Taking the "old" argument I recall a director of mine refusing to use Java because (at the time) it had only been around for three years so hadn't had long enough to become stable.
I wonder, sometimes, what makes a language old. In my thinking, a language is old when it no longer allows you to do what you need to do to get paid. Or it does but in a very odd and costly manner.
The fact that Perl has been around for a while doesn't make it old. It just makes it tried and tested. The same is true, then, for C, C++ (yada yada yada). Note - I didn't say bug free ;)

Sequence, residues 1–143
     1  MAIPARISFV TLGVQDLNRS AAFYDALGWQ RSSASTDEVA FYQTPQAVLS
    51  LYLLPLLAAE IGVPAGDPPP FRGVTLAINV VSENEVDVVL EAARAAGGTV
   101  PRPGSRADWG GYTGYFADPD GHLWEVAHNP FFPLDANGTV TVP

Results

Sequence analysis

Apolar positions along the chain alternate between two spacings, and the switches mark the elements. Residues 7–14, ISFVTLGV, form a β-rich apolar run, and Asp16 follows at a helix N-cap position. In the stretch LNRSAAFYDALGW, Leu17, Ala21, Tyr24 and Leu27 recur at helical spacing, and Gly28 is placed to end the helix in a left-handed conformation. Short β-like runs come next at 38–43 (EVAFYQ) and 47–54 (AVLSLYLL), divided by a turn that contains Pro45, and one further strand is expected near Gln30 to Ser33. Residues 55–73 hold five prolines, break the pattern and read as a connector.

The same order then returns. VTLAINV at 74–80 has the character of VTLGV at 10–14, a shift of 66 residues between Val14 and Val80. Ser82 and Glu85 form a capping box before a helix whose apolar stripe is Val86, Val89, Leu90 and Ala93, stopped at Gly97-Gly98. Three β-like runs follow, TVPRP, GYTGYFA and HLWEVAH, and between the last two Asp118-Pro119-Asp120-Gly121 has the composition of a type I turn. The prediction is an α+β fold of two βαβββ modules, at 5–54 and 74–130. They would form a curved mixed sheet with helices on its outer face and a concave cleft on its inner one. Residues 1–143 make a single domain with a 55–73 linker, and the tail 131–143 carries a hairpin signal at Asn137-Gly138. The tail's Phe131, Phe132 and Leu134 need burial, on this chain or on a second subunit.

Again, a personal view, but I tend to think people consider things as old because they aren't in the buzz hilights of the moment. Or in the top ten magazine headlines of your chosen field.
A good example is a co-worker of days gone by who immediately declared that now we had .NET we no longer needed C++ and could ditch it. C++ (in his eyes) was old.
Frankly though, I dont' really care. You don't want to program in one of the languages I get paid for . . . all the more paid opportunities for me.